Origin: Kilbeggan (Ireland)
Type: Single Pot Still Whiskey
Ageing casks: Ex-Bourbon
Added colouring: Yes
Owner: Beam Suntory
Average price: € 50.00
Official website: www.kilbegganwhiskey.com
The distillation licence granted to the future Kilbeggan dates back to 1757, with a copy on display in the distillery, in the name of Matthew MacManus, of whose activity there is actually little documentation, so much so that it’s believed that he began distilling elsewhere.
Production was quite large for the time, and with the new ownership of John Locke (Lost has nothing to do with it) it became even more prosperous from 1843, with particular attention to employees to whom he also provided accommodation on rent or through a favourable system of loans.
Locke was so well liked in the village that when one of the distillery’s boilers broke down in 1866, the people of Kilbeggan organized a collection to buy a new one.
Sharing the sad fate of many other Irish distilleries, at the beginning of the twentieth century it began to decline, leading to an initial halt in production between 1924 and 1931, which, although resuming in the following years, was not enough to guarantee the company’s financial solidity, so much so that Locke’s heirs decided to put it up for sale in 1947, becoming involved in a financial scandal that reached the Irish Parliament! Failing the sale, production continued with difficulty until it had to be terminated permanently, due to the accumulation of debts and unsustainable taxation, in 1953.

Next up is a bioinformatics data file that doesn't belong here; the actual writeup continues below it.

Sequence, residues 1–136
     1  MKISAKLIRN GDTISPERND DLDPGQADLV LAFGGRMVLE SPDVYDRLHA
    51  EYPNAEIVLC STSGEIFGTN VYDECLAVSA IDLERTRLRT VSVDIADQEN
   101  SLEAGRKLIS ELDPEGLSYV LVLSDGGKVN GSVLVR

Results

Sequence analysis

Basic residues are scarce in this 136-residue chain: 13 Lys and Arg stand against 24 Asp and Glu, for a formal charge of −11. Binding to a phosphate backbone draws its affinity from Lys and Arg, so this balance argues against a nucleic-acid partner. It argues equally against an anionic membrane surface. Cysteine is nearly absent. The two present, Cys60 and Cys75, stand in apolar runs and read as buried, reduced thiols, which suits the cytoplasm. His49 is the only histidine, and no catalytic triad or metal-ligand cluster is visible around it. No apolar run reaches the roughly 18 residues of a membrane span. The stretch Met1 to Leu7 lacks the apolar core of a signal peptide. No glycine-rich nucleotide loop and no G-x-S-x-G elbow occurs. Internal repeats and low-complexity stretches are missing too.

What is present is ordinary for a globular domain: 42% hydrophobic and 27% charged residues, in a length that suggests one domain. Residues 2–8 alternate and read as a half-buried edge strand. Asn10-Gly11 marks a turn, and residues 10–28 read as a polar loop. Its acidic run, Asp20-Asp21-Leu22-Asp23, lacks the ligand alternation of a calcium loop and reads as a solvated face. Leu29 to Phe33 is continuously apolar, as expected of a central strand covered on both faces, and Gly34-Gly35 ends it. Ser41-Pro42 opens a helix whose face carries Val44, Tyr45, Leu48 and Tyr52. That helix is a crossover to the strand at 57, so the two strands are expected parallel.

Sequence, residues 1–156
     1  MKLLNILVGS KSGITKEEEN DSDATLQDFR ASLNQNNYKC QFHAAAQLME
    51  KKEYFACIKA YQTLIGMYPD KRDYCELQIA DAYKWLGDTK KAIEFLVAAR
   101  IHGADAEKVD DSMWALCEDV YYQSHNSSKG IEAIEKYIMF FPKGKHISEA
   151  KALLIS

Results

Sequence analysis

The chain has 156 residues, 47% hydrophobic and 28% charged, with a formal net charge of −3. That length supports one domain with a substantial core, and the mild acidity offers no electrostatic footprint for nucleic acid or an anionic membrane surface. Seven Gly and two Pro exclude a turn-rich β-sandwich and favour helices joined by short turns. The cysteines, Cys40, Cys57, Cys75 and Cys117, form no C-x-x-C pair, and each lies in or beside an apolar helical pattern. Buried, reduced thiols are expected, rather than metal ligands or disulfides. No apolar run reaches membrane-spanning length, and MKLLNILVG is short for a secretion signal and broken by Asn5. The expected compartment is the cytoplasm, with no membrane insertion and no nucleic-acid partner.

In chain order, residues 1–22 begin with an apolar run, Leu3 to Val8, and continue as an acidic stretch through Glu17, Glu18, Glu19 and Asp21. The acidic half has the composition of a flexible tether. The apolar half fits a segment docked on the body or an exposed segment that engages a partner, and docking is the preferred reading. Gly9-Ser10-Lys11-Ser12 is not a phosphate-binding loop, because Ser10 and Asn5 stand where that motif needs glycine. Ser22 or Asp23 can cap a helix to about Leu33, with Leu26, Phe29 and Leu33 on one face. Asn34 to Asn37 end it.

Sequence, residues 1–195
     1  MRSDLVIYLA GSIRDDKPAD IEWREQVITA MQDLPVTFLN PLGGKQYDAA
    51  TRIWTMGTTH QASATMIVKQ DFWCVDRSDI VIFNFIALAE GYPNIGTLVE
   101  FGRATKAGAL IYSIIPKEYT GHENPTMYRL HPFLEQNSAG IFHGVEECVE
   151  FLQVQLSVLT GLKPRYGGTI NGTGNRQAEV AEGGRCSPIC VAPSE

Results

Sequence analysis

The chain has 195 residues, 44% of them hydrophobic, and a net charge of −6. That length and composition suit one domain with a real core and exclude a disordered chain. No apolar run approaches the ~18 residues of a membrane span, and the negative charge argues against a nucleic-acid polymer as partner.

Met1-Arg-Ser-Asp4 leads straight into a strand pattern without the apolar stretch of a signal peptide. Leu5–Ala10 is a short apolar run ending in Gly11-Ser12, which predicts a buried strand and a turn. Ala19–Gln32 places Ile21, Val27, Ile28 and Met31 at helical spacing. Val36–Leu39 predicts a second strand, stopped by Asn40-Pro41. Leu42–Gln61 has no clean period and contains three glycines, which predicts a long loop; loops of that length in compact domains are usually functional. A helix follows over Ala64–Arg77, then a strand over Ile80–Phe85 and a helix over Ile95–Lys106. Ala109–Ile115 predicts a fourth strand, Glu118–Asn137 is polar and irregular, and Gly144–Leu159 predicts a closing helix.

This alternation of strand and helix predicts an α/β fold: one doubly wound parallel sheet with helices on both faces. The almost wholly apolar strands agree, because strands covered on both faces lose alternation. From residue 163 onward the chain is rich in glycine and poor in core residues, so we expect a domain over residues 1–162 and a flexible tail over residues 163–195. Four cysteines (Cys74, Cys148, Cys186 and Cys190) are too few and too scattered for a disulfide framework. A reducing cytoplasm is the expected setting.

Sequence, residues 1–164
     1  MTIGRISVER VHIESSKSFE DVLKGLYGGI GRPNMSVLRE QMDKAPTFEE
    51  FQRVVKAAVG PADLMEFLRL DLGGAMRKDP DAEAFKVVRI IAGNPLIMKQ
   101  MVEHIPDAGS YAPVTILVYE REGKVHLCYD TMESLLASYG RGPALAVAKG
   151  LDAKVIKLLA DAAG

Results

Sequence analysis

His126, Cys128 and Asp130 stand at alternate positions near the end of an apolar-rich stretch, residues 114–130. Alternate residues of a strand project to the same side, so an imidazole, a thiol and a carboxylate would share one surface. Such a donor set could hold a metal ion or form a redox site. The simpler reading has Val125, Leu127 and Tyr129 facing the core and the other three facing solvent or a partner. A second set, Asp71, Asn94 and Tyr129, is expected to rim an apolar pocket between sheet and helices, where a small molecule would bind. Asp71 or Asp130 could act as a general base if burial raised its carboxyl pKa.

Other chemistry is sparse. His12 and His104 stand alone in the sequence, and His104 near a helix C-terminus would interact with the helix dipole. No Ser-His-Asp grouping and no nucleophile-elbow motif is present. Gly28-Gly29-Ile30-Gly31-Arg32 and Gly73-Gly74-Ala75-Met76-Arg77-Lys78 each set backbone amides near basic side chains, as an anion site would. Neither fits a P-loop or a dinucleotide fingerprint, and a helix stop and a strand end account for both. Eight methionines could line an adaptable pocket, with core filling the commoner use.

Various subsequent changes of hands led to the dismantling of the distillery, which had to wait for the purchase by Cooley (now Beam Suntory) in 1987 to relaunch the label and begin work on restarting production in what had in the meantime become a museum.
The first distillation took place in 2007, in the presence of the descendants of the main historical owners of the distillery.
There aren’t many expressions proposed by Kilbeggan, starting with the classic Kilbeggan alongside the Small Batch Rye, Single Grain and this Single Pot Still, a whiskey made with a mix of malted and unmalted barley to which 2.5% of oats has been added, following an old recipe from the end of the 19th century.
Light gold in the glass.
The nose has a dairy, buttermilk scent, accompanied by green apple, apricot, vanilla, blond orange, linden blossom and wet cereals. Herbaceous background on which there’s also a slight briny hue. Curious.
On the palate it has a slight metallic touch that fades quickly (but tends to recur with every sip), with good body on rather fresh and herbaceous scents of pear, lemon, cereal, vanilla, almond, apricot jam, bread dough. Notes of nutmeg. Salty note again, more pronounced than on the nose.
Medium long and savoury finish, dry, of cereals, pear, vanilla, wood.
A truly unusual and fascinating Irish whiskey, which would be dangerously easy-drinking were it not for some mottling that disturbs a little the balance of flavours. Still, it remains an original and interesting expression in the panorama of contemporary Irish whiskey, definitely worth trying.